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Taking the Carbon Out of Coal

Taking the Carbon Out of Coal
Program Summary

A company called SCS thinks it can use coal to generate electricity while cutting down 90 percent on carbon emissions — and still make a profit. The company’s PurGen plant, which would be located on the site where an old Dow Chemical plant used to stand near the New Jersey Turnpike in Linden, NJ, would use a technology called carbon capture and storage, or CCS. Carbon dioxide coming from the coal would be captured and pumped in liquid form deep underground, where it would — presumably — stay. To continue using coal while achieving an 83 percent reduction in greenhouse gas emissions by 2050, as called for in proposed legislation being discussed in Congress, will require increasing amounts of CCS in the coming decades.

The PurGen plant would not burn coal, but rather turn it into hydrogen through a process that generates a stream of pure CO2 as a by-product. The hydrogen would be burned to make electricity with very little air pollution — but only when the demand for electricity is high, and the plant can get a good price. At times when demand is low, the hydrogen would be diverted and converted on-site into the chemical urea, used to make fertilizer.

The storage part of SCS's plan involves building a two-foot-diameter pipeline to carry liquefied CO2 from the plant, under the Arthur Kill — a waterway separating New Jersey from Staten Island — and 140 miles out to a point on the bottom of the Atlantic Ocean, where it would be injected and stored about 8,000 ft. beneath the sea floor in a suitable geological formation.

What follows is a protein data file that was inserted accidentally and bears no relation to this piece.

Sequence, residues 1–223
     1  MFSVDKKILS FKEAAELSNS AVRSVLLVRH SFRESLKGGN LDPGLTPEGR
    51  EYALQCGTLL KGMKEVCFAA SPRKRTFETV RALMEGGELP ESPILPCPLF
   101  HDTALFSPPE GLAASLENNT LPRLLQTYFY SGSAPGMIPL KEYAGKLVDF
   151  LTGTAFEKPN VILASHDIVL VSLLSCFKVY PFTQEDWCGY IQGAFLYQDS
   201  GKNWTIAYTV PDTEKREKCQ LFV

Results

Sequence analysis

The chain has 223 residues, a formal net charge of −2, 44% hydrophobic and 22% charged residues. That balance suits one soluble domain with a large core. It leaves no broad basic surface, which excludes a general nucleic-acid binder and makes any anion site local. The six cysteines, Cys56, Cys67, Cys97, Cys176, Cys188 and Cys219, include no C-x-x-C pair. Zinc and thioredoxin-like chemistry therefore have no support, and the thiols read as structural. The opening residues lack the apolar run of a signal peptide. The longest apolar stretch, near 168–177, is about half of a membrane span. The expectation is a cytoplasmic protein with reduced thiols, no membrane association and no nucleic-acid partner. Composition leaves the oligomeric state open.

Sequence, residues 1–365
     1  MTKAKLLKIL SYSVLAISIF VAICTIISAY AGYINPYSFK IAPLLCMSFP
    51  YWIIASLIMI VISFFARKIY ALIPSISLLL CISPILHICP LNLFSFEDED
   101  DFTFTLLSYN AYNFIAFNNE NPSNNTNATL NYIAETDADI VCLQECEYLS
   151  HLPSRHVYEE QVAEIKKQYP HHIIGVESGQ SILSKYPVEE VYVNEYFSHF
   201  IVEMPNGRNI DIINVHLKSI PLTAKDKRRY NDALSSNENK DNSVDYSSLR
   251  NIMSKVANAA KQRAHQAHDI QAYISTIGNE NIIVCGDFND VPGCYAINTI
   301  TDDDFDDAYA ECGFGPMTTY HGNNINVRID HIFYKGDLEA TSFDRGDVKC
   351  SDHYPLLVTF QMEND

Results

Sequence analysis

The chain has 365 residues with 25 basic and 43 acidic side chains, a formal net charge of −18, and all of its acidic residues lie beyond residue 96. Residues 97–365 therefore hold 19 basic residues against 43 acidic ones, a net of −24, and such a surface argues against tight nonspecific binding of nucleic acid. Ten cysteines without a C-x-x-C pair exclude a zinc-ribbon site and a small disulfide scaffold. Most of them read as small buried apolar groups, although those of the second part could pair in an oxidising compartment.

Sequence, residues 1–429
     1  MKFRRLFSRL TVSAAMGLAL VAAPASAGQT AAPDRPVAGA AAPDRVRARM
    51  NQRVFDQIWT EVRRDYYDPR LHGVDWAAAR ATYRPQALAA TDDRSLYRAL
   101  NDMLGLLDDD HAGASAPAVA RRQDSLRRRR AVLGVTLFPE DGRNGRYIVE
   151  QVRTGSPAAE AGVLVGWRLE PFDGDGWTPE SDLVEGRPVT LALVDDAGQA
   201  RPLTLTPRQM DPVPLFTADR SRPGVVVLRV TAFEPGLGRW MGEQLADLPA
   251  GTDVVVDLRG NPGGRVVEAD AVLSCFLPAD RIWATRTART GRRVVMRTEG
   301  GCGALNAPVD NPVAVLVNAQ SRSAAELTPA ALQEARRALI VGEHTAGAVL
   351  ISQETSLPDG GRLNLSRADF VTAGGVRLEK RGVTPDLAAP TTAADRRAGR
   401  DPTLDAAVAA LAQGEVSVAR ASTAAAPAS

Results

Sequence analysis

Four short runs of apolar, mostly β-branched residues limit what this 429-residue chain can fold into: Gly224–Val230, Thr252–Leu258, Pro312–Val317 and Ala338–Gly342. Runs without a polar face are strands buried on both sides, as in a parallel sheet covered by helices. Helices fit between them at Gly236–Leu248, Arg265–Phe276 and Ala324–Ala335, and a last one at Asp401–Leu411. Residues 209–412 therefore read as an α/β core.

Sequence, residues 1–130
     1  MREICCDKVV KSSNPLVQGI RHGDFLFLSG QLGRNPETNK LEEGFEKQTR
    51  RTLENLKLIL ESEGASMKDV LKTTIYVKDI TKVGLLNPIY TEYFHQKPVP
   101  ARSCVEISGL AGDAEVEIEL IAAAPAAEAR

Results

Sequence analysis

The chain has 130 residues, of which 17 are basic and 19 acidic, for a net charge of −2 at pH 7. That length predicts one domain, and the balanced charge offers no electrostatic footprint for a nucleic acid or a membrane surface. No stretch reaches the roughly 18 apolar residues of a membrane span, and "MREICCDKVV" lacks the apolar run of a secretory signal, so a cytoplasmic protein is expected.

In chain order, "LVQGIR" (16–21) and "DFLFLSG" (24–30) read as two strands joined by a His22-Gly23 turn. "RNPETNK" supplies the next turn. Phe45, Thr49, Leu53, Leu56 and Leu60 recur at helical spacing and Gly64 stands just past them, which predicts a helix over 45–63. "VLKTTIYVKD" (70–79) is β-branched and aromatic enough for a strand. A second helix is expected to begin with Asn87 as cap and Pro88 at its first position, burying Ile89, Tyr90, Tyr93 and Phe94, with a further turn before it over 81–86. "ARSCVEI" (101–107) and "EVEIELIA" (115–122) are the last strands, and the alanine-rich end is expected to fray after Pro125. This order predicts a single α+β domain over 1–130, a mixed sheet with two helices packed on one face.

Supporters say the plan is a perfect solution to several problems at once — how to use the nation's cheap, plentiful coal supply without adding heat-trapping CO2 to the air, how to provide clean electricity to a part of the country that has to import power, and how to spark a green energy industry that could help the US maintain economic leadership in a time when China and other nations are determined to wrest it away.

But not everyone thinks the PurGen project is a good idea. For one thing, even if the plant makes electricity cleanly, the mining and transport of coal will still have environmental impacts. For another, some worry that sequestering CO2 underground hasn't been adequately tested yet. And other critics say the money for PurGen would be better spent on solar or wind energy or energy efficiency — challenging the very premise that finding a way to use coal without carbon emissions is needed.

Credits: The News Market, Shutterstock